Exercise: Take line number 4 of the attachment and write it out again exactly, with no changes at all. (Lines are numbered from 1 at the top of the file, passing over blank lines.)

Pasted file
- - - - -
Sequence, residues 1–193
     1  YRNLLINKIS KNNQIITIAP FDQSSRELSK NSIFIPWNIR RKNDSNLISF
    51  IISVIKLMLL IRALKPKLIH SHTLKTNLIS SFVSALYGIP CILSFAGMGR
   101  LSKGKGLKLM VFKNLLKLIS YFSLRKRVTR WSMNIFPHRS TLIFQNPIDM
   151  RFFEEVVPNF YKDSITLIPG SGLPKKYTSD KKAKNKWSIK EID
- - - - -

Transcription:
   101  LSKGKGLKLM VFKNLLKLIS YFSLRKRVTR WSMNIFPHRS TLIFQNPIDM